6. What to Do with Your Marked Essay

After you have seen what your grade is, try to figure out what it means. Of course it adheres to the university scale: A = excellent, B = good, C+ = satisfactory, C = adequate, D = marginal, and F = failing; but you need to know much more. Is your essay good because you have presented a worthwhile argument in a competent manner, or is it merely good because your brilliant ideas were not well presented or well supported? Is your essay poor because it simply did not have much to say, or because it did not address the assignment, or because your good interpretation was seriously marred by faulty grammar? Assess your writing by carefully rereading what you’ve written, checking the terms of the assignment, and checking the literature you have written about.

Errors in writing may be marked using the abbreviations from your writing manual, or see the next section below, “Marking Symbols and Abbreviations.” If you don’t immediately see what the mistake is, or if you don't see how to correct it, refer to your writing manual—either to the inside cover or to the index, and then to the relevant section of the manual to read a fuller explanation. For errors in spelling, usage, word choice, diction, or idiom, consult your dictionary as well. If you are still unable to understand what is wrong, ask your instructor.

To deal with the markings on your paper most effectively, sort them out according to the kind of correction required:

  1. Mistakes in grammar, spelling, punctuation, and documentation are usually straightforward. Faulty writing usually lowers your grade; if grammatical errors obscure your meaning, they could lower the grade even more. Be sure you understand the relevant rules or conventions; then write out your corrections so that you'll be less likely to repeat them. Keep a checklist to help you detect errors when revising future essays.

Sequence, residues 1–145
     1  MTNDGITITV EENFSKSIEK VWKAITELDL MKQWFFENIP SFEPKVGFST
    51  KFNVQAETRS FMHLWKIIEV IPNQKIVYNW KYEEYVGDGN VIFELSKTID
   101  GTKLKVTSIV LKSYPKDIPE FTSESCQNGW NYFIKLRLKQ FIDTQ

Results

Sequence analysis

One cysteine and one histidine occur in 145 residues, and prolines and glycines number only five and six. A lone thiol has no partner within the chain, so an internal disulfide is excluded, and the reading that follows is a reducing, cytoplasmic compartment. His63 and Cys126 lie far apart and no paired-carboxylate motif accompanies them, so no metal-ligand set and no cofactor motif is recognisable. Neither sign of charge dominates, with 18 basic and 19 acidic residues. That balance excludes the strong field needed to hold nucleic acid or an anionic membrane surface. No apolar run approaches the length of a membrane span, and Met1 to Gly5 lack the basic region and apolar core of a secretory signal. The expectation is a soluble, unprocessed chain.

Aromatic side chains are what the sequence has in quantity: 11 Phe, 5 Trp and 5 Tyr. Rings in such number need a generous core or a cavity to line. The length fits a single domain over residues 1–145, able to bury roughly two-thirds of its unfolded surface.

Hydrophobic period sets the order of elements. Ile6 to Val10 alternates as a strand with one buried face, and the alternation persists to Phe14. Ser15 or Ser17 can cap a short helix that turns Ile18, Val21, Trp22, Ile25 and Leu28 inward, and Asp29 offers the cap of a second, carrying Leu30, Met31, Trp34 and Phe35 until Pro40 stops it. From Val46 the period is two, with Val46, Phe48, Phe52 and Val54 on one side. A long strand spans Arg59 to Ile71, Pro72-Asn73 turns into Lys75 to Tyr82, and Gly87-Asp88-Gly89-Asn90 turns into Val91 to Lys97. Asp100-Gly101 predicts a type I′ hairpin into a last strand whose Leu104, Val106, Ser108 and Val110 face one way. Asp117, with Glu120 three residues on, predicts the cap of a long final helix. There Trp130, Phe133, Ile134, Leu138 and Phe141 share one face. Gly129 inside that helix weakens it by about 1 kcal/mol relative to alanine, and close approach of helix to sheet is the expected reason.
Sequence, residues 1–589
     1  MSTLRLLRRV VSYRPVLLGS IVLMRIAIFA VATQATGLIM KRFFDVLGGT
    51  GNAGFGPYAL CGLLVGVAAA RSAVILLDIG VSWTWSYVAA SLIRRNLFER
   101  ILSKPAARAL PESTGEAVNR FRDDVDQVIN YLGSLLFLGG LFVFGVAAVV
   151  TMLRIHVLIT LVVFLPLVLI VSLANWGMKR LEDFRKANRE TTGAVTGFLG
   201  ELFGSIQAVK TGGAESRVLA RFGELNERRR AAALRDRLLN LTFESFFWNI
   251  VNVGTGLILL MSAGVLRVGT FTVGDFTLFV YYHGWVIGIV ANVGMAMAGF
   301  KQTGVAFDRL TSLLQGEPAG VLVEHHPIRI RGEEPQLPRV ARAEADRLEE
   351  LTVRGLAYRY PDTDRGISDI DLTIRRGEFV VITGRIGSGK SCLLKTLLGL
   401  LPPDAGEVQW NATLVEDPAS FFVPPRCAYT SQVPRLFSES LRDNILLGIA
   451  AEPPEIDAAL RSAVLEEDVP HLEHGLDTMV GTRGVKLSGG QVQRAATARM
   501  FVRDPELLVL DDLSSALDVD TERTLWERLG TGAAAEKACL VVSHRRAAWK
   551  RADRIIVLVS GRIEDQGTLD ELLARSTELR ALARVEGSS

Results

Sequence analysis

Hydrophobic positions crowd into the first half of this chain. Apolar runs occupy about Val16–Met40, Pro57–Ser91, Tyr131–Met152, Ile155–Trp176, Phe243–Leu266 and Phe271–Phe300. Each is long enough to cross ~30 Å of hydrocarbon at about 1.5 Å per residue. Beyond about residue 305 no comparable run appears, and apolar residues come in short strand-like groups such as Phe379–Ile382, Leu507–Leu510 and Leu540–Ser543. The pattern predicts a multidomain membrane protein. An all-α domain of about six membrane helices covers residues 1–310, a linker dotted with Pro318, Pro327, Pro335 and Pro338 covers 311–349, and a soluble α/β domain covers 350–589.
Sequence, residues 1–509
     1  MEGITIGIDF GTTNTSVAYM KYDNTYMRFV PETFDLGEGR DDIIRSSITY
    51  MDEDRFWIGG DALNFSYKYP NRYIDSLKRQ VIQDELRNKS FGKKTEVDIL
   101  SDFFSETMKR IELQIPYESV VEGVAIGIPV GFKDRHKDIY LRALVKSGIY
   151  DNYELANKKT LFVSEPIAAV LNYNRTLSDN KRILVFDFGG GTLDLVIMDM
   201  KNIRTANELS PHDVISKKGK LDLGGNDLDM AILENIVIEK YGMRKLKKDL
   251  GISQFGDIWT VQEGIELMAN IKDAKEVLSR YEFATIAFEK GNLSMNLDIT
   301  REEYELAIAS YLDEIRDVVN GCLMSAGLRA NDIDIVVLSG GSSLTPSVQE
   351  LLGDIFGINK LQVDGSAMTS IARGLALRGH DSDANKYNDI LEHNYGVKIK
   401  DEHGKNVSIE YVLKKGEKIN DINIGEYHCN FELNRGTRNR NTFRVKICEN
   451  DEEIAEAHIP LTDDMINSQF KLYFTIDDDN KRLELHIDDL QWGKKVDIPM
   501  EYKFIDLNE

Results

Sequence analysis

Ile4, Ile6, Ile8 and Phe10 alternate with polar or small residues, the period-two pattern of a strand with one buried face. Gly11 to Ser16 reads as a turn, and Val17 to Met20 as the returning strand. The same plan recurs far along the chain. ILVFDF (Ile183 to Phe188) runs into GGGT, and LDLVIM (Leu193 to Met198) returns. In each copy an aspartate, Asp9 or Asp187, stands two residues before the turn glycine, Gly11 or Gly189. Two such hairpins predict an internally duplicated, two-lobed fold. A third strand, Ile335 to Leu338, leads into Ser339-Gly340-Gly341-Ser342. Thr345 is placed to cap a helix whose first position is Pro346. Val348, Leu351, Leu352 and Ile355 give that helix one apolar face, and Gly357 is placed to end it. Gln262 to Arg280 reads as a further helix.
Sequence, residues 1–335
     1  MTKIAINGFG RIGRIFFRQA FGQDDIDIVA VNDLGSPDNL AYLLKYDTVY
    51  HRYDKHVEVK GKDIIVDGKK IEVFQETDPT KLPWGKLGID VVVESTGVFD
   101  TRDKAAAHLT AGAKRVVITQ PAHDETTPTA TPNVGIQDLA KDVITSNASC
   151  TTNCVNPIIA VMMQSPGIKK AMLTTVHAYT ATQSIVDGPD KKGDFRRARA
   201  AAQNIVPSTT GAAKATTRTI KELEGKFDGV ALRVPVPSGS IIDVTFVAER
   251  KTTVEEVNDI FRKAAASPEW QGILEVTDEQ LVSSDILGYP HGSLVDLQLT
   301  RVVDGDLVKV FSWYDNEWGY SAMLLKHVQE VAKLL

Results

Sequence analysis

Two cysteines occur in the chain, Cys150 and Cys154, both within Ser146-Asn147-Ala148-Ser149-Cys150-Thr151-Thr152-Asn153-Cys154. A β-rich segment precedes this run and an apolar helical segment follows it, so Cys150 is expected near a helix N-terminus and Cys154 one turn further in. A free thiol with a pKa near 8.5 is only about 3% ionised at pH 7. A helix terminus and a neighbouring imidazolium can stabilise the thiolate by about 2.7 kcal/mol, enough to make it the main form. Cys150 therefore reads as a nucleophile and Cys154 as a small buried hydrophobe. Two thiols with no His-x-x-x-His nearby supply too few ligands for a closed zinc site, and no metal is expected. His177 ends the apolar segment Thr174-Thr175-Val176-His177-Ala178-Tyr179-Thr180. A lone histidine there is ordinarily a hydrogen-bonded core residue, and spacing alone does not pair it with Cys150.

2. Problems with diction, usage, sentence structure, clarity, and logic may range from weak or ineffective to outright mistaken. These often require more careful analysis and assessment to figure out the best revision.
  3. Weaknesses in development and mistaken or inaccurate use of details require you to go back to the literary work to check accuracy, balance, and thoroughness.
  4. The overall shape of your essay—its unity, coherence, paragraph structure, and organization—may need strengthening or reforming. The effectiveness and achievement of your essay depend upon these matters of form as well as matters of substance.
  5. Consider how the good ideas in your essay could be sharpened, strengthened, extended, or developed further

If after reviewing these matters carefully you do not understand the markings or comments on your paper, ask your instructor. Also, if you are not sure how to go about correcting the mistakes or addressing the problems in your paper, discuss the matter with your instructor. If you ignore or forget your mistakes, you are apt to repeat them.

If, after carefully reviewing your paper and the relevant literature, you feel that your grade is unfair, the instructor may reconsider it if you will write an explanation of what you think is unfair in the marking. You might want to answer any questions that the comments raise, clarify points that you think the marker did not understand, and support your argument against any objections the marker may have made.

Try to learn as much as you can from your marked essay, and make notes to help yourself write a better essay next time and a better final exam. Keep your essays during the year and have them available whenever you have a conference with the instructor or teaching assistant.

Return to Top

7: Marking Symbols and Abbreviations